Butcherman

Go Gluten-Free with Chicken Ratatouille

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Cast iron is an excellent conductor of heat, and most skillets or casseroles moulded from this metal are apt to outlast an individual owner. While American pioneer history and fable have made the skillet famous, that wasn’t the first culture to use this fantastic cooking method. They simply used it more than anyone else. Today, seasoned and unseasoned cast iron cookware is available for purchase online, so if an heirloom skillet isn’t in your future, you can still purchase and enjoy the wide variety of dishes that can be made using cast iron.

One of today’s concerns is a rising awareness of Celiac and other immune system issues that render people sensitive to gluten. Want to know what’s most magical about cast iron cookware? You can make any number of gluten free dishes in the same pan or casserole. They come out cooked to perfection with very little effort on your part. If you’re anxious to try something new, whether you’re intentionally avoiding gluten or not, try our spin on Masterchef Adam Liaw’s inspired Chicken Ratatouille. It’s delicious and the whole family will enjoy it.

Ingredients:

• Salt and cracked black pepper
• 5 sprigs thyme
• 3/4 c fresh basil leaves, cut chiffonnade*
• 5 cloves garlic, chopped
• 2 large sweet onions, chopped roughly
• 3 zucchini, sliced into 2 cm pieces
• 1 eggplant, chopped roughly
• 2 red capsicums, chopped roughly
• 2.5 cups of cherry or grape tomatoes, halved.
• ¼ olive oil
• 5 Butcherman Chicken Thighs, with skin intact

Preparation:

First, cut your chicken thighs in half and generously season with salt and cracked black pepper. In a large skillet or cast iron pan, heat the olive oil on high. You’ll use this to brown the chicken on all sides, allowing a nice crust to form. Remove the chicken and set it aside, once this is done.

Then, sauté the onion and garlic until the aromatic oils are released. Add your vegetables and brown them thoroughly, stirring to ensure they’re combined. Once this is done, nestle the chicken pieces in the vegetable ratatouille with the skin side up. Simmer for eight to ten minutes until the chicken is cooked thoroughly.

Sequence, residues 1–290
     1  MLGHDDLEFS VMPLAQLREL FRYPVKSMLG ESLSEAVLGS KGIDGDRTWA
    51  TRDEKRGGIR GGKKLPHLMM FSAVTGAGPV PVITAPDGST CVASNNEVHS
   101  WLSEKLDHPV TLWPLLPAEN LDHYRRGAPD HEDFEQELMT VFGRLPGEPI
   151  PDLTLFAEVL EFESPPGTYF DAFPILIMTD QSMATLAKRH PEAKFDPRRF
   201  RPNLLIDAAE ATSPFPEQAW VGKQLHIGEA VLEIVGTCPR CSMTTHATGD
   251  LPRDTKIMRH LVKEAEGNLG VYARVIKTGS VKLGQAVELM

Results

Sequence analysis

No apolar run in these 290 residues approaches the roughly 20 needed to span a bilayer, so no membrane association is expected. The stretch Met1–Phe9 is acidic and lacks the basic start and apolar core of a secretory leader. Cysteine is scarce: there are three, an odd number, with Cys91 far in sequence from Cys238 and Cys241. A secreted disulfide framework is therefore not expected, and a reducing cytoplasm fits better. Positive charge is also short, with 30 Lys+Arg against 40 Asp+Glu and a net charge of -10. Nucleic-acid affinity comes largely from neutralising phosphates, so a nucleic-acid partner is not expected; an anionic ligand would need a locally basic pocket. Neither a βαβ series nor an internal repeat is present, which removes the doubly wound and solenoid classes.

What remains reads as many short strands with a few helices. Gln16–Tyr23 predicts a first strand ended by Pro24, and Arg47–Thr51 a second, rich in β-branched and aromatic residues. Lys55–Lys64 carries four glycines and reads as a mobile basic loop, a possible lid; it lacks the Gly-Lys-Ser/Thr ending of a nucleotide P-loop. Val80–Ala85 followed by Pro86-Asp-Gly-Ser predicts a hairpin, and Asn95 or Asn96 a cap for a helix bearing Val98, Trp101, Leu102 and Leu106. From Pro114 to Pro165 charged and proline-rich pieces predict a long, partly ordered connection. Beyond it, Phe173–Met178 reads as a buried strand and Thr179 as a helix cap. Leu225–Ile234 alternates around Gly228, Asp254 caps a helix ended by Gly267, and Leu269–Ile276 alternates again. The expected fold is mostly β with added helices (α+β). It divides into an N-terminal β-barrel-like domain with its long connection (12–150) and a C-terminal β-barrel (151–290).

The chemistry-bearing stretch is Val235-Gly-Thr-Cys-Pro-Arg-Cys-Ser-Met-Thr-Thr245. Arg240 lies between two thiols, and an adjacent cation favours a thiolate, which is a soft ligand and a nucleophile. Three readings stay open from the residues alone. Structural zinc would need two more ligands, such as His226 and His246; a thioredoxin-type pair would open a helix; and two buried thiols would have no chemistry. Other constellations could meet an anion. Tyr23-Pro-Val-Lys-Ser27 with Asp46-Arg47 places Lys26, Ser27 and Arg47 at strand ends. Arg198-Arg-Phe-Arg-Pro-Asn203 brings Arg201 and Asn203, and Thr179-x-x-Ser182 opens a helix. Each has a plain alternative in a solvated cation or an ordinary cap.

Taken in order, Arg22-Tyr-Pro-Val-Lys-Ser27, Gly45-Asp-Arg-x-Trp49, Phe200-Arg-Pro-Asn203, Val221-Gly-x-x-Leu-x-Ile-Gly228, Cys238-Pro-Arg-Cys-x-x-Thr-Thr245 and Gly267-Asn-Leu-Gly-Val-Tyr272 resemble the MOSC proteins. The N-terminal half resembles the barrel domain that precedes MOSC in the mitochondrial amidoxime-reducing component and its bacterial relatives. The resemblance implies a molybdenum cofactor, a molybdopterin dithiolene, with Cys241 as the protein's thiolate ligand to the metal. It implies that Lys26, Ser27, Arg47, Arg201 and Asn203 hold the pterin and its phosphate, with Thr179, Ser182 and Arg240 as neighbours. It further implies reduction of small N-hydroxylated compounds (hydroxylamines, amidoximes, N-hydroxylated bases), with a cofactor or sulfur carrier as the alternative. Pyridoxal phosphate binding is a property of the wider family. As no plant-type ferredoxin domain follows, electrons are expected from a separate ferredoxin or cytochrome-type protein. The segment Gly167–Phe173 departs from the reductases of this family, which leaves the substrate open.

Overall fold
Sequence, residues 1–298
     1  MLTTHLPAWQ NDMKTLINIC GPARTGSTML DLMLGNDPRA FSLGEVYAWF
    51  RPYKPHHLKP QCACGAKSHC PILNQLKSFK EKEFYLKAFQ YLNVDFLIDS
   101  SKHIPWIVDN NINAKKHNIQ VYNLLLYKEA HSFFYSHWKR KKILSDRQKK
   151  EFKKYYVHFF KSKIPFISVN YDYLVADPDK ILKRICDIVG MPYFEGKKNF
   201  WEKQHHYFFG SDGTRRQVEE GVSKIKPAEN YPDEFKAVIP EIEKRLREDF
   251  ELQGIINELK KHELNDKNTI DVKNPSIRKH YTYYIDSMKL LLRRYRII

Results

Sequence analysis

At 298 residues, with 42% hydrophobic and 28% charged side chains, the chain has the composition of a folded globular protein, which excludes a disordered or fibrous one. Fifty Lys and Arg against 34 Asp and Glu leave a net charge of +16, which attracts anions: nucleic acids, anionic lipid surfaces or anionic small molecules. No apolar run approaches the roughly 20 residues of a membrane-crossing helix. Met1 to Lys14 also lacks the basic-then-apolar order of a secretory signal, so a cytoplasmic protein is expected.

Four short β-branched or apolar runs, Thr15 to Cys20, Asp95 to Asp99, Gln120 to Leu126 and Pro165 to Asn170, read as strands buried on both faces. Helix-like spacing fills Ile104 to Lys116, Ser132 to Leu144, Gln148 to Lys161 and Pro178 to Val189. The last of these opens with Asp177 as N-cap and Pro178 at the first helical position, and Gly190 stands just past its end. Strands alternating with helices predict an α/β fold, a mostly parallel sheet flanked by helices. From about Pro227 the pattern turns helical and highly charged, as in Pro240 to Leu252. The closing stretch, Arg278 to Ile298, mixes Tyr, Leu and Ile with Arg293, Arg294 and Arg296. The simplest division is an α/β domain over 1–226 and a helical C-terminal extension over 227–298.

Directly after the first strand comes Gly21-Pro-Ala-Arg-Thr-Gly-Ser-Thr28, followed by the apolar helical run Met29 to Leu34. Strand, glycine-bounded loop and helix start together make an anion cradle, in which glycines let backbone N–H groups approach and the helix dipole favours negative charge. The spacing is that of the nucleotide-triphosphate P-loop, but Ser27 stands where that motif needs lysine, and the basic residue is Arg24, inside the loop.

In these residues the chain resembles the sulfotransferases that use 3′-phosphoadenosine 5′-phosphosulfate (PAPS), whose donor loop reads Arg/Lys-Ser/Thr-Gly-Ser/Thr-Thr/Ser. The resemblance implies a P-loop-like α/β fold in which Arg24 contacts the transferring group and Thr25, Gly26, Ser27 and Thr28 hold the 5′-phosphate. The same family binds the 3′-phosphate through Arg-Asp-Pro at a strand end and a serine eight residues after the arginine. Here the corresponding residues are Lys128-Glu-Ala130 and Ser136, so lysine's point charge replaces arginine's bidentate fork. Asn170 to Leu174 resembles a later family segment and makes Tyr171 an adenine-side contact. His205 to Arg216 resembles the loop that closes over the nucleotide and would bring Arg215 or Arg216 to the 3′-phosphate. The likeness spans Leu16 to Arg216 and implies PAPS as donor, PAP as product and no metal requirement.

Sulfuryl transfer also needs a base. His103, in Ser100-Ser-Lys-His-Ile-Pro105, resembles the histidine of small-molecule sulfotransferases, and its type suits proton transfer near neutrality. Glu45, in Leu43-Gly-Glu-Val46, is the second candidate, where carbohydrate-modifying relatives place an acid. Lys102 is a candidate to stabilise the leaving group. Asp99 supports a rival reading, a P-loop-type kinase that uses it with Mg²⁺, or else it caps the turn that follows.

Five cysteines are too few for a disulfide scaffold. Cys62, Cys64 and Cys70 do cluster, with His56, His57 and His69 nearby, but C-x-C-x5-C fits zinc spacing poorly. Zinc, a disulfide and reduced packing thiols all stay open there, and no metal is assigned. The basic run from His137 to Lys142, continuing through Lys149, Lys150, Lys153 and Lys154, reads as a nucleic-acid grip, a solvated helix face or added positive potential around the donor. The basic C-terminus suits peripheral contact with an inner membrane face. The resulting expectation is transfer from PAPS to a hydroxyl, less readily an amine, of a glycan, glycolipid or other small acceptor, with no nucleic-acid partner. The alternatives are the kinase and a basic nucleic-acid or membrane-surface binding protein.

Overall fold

Finally, remove your pan from the heat and allow the dish to stand for ten minutes, so that the flavours combine and the chicken is tender. You can serve the entire skillet at the table, but be sure to rest it on a heatproof trivet. Garnish with your basil leaves.

*A chiffonnade is easily accomplished with fresh basil leaves. Wash and pat dry the leaves, stacking them together. Then, roll them tightly along their long axis. Use a sharp knife to cut across the leaves like a jellyroll.

Origins & Exploration

Ratatouille, as the name indicates, has its origins in southern France, around the present day city of Nice. In the beginning, as with so many delicious dishes, it was prepared by poor farmers who made the most of the fresh summer vegetables available to them. In fact, the very name of the dish comes from the French word touiller, which simply means “to toss.”

But it is no older than the 16th century, in spite of older parent dishes that are known in the area. The Age of Exploration brought both the tomato and the eggplant—both members of the Solanaceae family, and thought originally to be poisonous. That they appear almost immediately in peasant fare of the day is an indicator that the poor could not afford to be selective, and often functioned as gustatory guinea pigs.

As is often the case, many of todays most satisfying and healthy dishes originated as peasant fare in various regions. Ratatouille originally consisted of zucchini, green and red sweet peppers, tomatoes, garlic, and onions, and was likely a way to use vegetables that could not be sold. In modern incarnations, eggplant has been included, often because of its brilliant colour contrast, nutritional content, and the tendency for the flesh to absorb the flavours of other spices and ingredients.

This dish is truly a cosmopolitan affair—with versions in many cultures from the Basque region to Italy. It may incorporate any fresh vegetables available—from aromatics like celery to spicy peppers readily available in many areas. While it was originally a vegetarian affair—served as a side dish alone, or over a starch, such as rice, potatoes, or bread—the current availability of meat and poultry combined with a cultural affinity for it, have made it into something new.


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